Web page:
A person can feel gratitude in a variety of ways and intensities. There are many individual benefits one may experience by being grateful, including improved physical and psychological health, increased happiness, life satisfaction, positive mood, meaning in life, and quality of sleep.6,7 Trait gratitude is also linked to a more positive outlook on life, increased optimism and hope, and having a more positive interpretation of social situations.6,7 Grateful people tend to view adversity as an opportunity for growth, which can increase resilience.6 This positive perspective may prevent one from hyper-focusing on thoughts or experiences, which can lead to decreased depression and anxiety over time. Experiencing gratitude can also keep a person grounded in the present, leading to increased mindfulness.
People are more likely to be generous, kind, and helpful when they are grateful. This can strengthen relationships and improve workplace environments. Research suggests that grateful people “find, remind, and bind” to one another, as gratitude helps them find others who have the potential for a high quality relationship and reminds them of the positive aspects of their existing relationships. Feelings of gratitude can also bind people to their current partners and friends by encouraging behavior that will improve and prolong their relationships.6
A Grateful Brain
The medial prefrontal cortex is activated when one experiences gratitude. This portion of the brain is located in the frontal lobe where the two brain hemispheres meet. The medial pre-frontal cortex is associated with socializing and pleasure, viewing others’ perspectives, empathy, and feelings of relief. Gratitude is connected to systems of the brain that regulate emotions and support stress relief, such as heart rate, arousal levels, and pain.6 When activated, these areas of the brain can boost positive emotions and protect against feelings of anxiety and stress, leading to an overall calmer mood.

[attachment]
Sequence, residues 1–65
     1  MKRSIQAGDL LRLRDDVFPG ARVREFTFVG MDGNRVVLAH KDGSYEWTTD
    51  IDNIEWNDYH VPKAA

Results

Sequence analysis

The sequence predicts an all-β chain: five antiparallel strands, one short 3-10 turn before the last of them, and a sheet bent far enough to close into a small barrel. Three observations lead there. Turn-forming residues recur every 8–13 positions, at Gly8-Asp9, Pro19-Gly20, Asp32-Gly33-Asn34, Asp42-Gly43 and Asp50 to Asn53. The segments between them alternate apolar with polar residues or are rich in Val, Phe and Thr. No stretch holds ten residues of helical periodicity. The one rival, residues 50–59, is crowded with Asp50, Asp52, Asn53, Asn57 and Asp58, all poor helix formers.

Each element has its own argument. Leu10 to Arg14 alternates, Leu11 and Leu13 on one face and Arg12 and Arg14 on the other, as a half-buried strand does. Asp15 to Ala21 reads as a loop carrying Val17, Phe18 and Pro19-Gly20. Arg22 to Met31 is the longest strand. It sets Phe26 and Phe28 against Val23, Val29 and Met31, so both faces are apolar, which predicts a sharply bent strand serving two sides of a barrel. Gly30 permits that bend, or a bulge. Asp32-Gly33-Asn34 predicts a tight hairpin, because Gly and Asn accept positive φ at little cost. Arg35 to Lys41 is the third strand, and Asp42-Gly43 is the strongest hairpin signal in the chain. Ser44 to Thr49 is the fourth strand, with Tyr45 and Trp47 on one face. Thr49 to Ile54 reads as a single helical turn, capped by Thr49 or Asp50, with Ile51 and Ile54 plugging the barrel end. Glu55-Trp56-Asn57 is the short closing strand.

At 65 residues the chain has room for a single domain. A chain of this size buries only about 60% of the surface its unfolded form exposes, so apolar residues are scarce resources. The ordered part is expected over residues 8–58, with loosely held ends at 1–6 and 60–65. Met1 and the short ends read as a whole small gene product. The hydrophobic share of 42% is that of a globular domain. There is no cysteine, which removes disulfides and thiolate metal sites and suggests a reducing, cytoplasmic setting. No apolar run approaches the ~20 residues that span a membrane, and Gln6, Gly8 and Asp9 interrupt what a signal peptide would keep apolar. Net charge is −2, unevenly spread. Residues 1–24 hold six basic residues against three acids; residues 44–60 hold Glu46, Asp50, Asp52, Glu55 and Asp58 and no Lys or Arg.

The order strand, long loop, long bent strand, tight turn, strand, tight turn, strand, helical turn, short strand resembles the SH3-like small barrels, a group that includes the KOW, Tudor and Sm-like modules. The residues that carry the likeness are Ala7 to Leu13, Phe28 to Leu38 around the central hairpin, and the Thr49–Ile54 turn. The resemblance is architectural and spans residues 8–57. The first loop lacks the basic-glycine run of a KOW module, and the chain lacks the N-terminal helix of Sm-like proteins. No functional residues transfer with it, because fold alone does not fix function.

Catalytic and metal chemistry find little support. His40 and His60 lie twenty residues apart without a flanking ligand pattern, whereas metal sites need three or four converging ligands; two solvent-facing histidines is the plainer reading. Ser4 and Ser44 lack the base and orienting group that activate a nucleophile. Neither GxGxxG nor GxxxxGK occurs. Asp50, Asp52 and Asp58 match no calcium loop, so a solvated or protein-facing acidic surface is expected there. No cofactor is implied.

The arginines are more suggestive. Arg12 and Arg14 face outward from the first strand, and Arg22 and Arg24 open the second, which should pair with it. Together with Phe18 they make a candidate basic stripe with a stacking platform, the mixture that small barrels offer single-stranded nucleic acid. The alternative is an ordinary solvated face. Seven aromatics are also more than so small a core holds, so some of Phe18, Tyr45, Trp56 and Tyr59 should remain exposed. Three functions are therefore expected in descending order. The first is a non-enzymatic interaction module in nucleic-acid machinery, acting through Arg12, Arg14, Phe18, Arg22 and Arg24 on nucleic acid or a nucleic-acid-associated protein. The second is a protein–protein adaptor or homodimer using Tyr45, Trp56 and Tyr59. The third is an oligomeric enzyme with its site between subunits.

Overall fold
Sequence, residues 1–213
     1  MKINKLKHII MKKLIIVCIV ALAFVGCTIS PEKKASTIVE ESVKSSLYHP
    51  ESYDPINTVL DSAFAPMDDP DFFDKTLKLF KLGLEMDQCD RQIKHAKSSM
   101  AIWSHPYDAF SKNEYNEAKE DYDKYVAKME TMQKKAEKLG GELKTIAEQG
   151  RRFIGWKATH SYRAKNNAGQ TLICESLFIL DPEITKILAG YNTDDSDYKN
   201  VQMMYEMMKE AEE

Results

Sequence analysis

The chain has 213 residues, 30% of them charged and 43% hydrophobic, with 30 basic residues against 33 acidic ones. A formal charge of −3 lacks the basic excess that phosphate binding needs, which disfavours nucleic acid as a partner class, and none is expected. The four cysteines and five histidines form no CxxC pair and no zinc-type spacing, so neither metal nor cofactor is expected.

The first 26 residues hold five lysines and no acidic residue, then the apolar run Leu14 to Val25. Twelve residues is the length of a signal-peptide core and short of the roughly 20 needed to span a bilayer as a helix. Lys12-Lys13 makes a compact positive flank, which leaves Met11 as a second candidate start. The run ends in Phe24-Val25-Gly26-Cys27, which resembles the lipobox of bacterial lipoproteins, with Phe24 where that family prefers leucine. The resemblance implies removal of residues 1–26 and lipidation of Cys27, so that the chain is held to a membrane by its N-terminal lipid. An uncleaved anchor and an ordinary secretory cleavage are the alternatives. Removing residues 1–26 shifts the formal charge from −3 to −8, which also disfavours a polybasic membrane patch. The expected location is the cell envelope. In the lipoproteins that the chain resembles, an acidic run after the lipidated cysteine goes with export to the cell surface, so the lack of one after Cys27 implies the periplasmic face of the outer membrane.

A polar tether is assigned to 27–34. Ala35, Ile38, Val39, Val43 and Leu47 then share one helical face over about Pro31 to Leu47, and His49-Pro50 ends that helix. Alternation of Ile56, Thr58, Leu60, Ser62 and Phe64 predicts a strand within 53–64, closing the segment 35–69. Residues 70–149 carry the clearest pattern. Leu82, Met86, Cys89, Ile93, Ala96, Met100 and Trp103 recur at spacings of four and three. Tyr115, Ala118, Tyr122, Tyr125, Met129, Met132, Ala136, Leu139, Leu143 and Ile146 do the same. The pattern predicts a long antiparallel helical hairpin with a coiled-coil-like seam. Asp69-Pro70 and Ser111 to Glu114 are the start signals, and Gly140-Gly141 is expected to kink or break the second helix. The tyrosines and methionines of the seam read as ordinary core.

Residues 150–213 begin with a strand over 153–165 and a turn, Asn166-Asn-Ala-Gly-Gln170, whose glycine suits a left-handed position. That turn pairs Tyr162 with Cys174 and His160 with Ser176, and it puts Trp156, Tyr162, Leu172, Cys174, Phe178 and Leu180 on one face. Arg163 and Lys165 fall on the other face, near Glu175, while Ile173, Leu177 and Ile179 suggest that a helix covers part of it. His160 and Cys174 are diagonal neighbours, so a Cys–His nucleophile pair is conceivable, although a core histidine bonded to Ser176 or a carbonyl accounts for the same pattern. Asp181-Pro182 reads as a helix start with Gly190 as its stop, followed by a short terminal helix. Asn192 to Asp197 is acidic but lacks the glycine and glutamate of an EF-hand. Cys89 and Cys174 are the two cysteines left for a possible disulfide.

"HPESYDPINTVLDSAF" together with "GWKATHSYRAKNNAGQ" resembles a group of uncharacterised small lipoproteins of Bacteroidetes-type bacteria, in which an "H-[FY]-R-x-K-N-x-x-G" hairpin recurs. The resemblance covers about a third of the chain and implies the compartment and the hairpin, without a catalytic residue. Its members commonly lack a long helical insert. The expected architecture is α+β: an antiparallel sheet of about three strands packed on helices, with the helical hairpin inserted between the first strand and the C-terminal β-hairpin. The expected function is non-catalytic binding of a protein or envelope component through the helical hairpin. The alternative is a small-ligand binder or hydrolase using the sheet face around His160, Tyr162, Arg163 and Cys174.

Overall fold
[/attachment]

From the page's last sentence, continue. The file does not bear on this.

Gratitude has No Negative Side Effects
Although medication is helpful for treating depression and anxiety in many people, gratitude can be an important supplement for improving symptoms. Evidence supports that gratitude interventions – activities that help a person focus on and increase gratitude – drastically minimize depression and improve socialization. There is growing use of gratitude interventions in clinical settings as an addition to psychotherapy. These interventions have long lasting, positive effects.8 Although medication is certainly necessary in some cases, gratitude interventions can offer safe and low-risk alternative approaches to battling anxiety and depression. Unlike medication, gratitude is simple, free, and maybe most important of all, has no negative side effects.